UK NARIC bases the assessment of qualifications on a learning outcomes approach, and involves a holistic analysis of a qualification, taking into account all possible variables available to it. UK NARIC claims that the application of this methodology ensures that the evaluations are transparent, objective and neutral. Controversially perhaps, international qualifications UK NARIC evaluates are compared against UK standards and qualification levels.
UK NARIC seeks, as far as possible, to identify minimum standards that apply to ‘national awards’ across the whole of a country, done with reference to and in consultation with relevant authorities in country that operate to independently oversee qualifications and institutions, and to ensure adherence to national regulatory standards.
For UK NARIC the assessment it makes are not based solely on comparing the duration of courses of study and that a Bachelor degree in country X might not be evaluated by UK NARIC as comparable to a UK Bachelor degree. UK NARIC recognises that education systems and years of schooling vary in different countries, and all this affected by different entry levels onto higher education. For this reason, in its assessment of various qualifications from different countries, UK NARIC recognises that a Bachelors or a Masters degree in one country may not necessarily equal a Bachelors or Masters degree in another country.
UK NARIC carries out regular, planned and periodic reviews of all of its databases, within which information is available for 208 countries. In the case of Malawi, the country’s file was last reviewed in 2017. Based on NARIC’s evaluation, in broad terms, Malawian degrees are downgraded to a grade lower in comparison with similar British qualifications (Zambian degrees are also downgraded evaluated in a similar predicament while those from Zimbabwe or Tanzania, for example, meet NARIC’s standards). Based on UK NARIC’s evaluation, Malawian university degrees are assessed as follows:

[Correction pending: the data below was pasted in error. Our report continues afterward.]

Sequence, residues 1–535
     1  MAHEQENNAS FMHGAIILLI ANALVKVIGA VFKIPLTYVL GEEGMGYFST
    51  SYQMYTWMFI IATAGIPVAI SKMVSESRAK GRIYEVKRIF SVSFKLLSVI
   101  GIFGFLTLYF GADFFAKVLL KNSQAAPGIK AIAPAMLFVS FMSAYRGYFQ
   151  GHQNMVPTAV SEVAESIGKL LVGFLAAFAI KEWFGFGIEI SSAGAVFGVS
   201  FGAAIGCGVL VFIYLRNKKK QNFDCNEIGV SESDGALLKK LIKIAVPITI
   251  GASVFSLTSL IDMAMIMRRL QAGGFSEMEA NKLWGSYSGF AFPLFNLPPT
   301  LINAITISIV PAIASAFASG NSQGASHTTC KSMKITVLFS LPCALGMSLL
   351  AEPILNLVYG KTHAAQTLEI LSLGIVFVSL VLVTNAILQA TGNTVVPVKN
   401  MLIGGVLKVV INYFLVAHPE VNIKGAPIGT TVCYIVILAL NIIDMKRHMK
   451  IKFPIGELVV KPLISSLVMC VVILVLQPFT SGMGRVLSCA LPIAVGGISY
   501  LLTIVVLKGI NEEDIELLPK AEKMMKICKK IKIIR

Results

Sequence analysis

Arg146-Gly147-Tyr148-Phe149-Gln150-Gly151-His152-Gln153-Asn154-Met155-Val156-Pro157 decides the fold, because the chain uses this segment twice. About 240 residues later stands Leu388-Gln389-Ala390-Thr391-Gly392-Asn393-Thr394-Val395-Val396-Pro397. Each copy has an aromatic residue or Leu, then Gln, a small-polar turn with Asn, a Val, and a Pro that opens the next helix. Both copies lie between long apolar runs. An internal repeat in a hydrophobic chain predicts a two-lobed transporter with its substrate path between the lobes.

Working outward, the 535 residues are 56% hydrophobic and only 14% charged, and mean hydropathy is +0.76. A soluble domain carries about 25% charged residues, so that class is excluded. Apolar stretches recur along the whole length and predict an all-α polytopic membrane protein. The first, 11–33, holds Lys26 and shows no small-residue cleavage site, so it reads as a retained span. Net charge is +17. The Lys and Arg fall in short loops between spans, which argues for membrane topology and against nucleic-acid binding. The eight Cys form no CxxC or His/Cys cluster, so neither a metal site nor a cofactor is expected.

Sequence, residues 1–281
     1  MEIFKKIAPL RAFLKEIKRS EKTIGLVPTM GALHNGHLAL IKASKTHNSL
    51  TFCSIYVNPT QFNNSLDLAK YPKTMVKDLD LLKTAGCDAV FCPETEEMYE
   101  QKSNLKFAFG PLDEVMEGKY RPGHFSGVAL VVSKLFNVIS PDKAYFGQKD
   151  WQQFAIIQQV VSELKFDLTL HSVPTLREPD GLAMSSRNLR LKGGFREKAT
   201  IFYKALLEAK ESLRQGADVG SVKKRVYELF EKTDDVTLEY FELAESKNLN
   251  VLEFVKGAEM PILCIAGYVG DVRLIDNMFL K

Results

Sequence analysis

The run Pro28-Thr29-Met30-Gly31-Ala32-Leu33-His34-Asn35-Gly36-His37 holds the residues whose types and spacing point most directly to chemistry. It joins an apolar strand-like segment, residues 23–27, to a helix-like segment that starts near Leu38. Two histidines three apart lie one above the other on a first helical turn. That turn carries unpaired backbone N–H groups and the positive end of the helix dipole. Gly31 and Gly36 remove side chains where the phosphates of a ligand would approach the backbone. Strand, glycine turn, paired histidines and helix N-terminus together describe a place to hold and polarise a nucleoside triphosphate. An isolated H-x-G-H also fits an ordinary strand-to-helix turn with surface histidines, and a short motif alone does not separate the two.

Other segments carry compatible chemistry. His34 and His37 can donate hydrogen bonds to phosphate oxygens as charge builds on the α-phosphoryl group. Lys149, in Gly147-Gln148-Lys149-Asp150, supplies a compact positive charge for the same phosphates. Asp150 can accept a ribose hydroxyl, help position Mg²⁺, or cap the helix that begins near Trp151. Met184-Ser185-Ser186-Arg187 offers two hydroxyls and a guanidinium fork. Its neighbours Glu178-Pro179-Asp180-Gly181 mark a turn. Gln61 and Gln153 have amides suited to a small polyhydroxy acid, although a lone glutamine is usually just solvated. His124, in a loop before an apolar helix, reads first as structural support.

Malawian professional undergraduate degree programmes are assessed rather differently (and better) by UK NARIC because these often require the completion of a separate foundation programme or one to two years undergraduate study prior to entry onto the course. UK NARIC’s assessment of Malawi degrees is influenced by a number of indicative factors.
The UK remains the main destination for work-force training for Malawian academics, government officials and industry specialists, especially in technical or scarce professional niche areas, and therefore ensuring degree comparability is crucial.
Since that UK universities do not publish whether they are bound or not by NARIC’s evaluation, it is difficult for prospective Malawian students to know which UK institutions do not rely on NARIC’s assessment and choose those for postgraduate study.
The UK government, universities and other bodies (such as the Commonwealth) occasionally offer open competitive scholarships for postgraduate study in the UK. Malawian applicants who apply to UK universities that use NARIC miss out because their applications are rejected for not meeting the minimum degrees requirements of a comparable UK degree.
The downgrading of degrees from Malawi also affects individuals with UK residence status and wishing to apply for professional recognition in areas such as teaching and nursing. Teachers who qualified through UNIMA are unable to register with professional bodies such as the General Teaching Council for Scotland (GTCS) because GTCS currently uses NARIC’s comparability assessment.
In 2019, UNIMA—the best ranked university in Malawi—was placed 82 in Africa out of 1685 and 3075 in the world out of 28158. Although one Malawian university is at least in the top one hundred in African, in reality there is no cause for celebration here, if we also consider that Catholic University of Malawi, the country’s top private university, is ranked 1240 in Africa and 23518 in the world. Competitive university education is the ‘new’ currency in a globalised work environment and as such international comparability of provision matters and high university ranking matter.
Undeniably, the quality of Malawian university degrees is not at the desired level. To improve standards and ensure international comparability, a national qualifications framework called ‘Malawi Qualifications Framework’ (MQF) should be developed as a matter of urgency. Such a framework should define learning outcomes and explain how levels of learning link with credit values of various qualifications, both school based and vocational & Technical education.
In addition, and importantly, an independent regulatory body called ‘Malawi Credit and Qualifications Authority’ (MCQA) to set and manage qualifications and oversee standards should be established. This body should subsume or complement the work of done by Malawi National Examination Board (MANEB) and Technical, Entrepreneurial and Vocational Education and Training Authority (TEVETA).
Fundamental reforms to the structure of primary and secondary education, including new assessment regimes are urgently needed. To increase the length of study for primary and secondary education by at least by one year, a new 8+3+2 education system is suggested:
In considering this issue, there is need perhaps for the establishment of new ministry in Malawi responsible for further and higher education. A national debate on the quality of higher education and international comparability of Malawian degrees is long overdue.